Not again? A Galaxy Note 9 caught fire in New York this month

Galaxy Note 9 blue with s pen
Julian Chokkattu/Digital Trends

Samsung faces a lawsuit from a woman who claims her Galaxy Note 9 phone caught fire inside her handbag, after the device initially became “extremely hot,” before catching fire, and emitting “thick smoke.” The incident took place inside an elevator, making the situation considerably more frightening, according to a story published by The New York Post.

Batteries inside phones are complex and, especially when mistreated, can be fire hazards; but explosions are very rare. However, because the phone in question here is a Samsung Galaxy Note device, a lot more people will take notice.

The reason, in case you’re not aware, is that the Galaxy Note 7 suffered from a manufacturing defect that led to some examples catching fire. The device was eventually recalled, potentially costing Samsung a billion dollars in the process.

Following an extensive overhaul of its safety practices, engineering checks, and manufacturing processes, the Galaxy Note 8 was released later, followed by the Galaxy Note 9 in August this year. At the time, Samsung Mobile CEO DJ Koh told The Investor, “The battery in the Galaxy Note 9 is safer than ever. Users do not have to worry about the batteries anymore.” Words which are almost certainly true; but still probably shouldn’t be used to tempt fate.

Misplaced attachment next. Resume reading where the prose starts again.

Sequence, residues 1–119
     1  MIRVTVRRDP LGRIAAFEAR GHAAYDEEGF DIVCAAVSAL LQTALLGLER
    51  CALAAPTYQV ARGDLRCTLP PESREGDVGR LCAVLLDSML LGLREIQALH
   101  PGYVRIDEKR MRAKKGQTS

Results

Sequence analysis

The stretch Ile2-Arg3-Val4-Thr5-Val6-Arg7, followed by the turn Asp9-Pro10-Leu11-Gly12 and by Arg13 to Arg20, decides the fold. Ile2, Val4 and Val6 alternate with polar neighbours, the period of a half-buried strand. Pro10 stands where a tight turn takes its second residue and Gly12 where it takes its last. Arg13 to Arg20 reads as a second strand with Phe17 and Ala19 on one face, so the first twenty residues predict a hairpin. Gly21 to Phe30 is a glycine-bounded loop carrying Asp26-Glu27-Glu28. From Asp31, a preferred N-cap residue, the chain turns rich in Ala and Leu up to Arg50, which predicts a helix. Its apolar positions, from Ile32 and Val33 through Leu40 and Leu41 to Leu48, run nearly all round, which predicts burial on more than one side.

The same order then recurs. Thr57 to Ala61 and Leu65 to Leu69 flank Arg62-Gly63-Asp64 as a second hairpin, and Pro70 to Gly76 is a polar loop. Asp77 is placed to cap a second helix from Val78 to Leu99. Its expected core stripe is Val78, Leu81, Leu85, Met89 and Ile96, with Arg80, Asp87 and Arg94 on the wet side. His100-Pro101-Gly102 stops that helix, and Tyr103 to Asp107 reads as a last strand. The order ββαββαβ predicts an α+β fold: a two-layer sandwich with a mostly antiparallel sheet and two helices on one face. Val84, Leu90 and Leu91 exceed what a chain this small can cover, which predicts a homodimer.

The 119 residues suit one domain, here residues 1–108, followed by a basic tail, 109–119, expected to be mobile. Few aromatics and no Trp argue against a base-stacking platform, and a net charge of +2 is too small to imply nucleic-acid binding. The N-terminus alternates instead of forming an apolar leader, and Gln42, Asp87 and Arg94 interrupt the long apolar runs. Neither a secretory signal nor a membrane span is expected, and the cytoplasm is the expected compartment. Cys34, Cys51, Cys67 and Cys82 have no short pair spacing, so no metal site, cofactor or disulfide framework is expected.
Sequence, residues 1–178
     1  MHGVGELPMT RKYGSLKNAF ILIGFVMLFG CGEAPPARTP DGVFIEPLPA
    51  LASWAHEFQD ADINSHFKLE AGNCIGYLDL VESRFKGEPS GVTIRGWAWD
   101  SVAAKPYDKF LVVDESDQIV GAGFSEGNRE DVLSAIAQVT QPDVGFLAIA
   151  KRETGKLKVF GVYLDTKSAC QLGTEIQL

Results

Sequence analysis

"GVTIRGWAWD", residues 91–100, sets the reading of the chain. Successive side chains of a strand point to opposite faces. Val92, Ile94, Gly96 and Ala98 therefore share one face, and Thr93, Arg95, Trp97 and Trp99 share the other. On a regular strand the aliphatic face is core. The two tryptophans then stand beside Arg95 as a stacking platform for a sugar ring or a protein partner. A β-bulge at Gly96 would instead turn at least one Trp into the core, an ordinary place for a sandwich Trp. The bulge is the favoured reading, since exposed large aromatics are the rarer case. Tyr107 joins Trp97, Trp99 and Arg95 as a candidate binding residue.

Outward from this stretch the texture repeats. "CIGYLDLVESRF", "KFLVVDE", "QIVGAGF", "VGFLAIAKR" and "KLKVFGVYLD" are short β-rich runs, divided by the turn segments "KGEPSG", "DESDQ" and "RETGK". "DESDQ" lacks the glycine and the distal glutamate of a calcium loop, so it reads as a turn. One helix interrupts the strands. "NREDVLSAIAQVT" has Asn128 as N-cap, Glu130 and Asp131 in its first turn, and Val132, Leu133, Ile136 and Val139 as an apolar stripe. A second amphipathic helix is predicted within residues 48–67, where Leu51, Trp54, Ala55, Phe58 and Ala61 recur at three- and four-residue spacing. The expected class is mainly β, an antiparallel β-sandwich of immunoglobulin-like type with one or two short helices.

The Note 9 owner, named as Diane Chung by the New York Post, describes panicking in the elevator as the phone started to catch fire, and has apparently filed a lawsuit in the Queens Supreme Court asking for damages and for the Galaxy Note 9 to be withdrawn from sale. She claims Samsung should have been aware of any defects that caused the phone to threaten users’ safety. Details around the device, and the battery’s state, are not known.

Samsung upgraded the battery in the Galaxy Note 9 considerably over previous versions. It has a large 4,000mAh battery inside a body that’s almost identical in size to the Galaxy Note 8, which contained a 3,300mAh capacity cell. The ill-fated Galaxy Note 7 had a 3,500mAh capacity battery, and the revised Note 7 FE — sold only in some markets as a refurbished device — had a 3,300mAh cell.

Samsung responded by saying it has not received any other reports of Galaxy Note 9 phones catching fire, and is currently investigating. If you own a Galaxy Note 9, there is no evidence you should be concerned, although always just like every phone, using the supplied Samsung charger and cable is advisable when recharging the battery.

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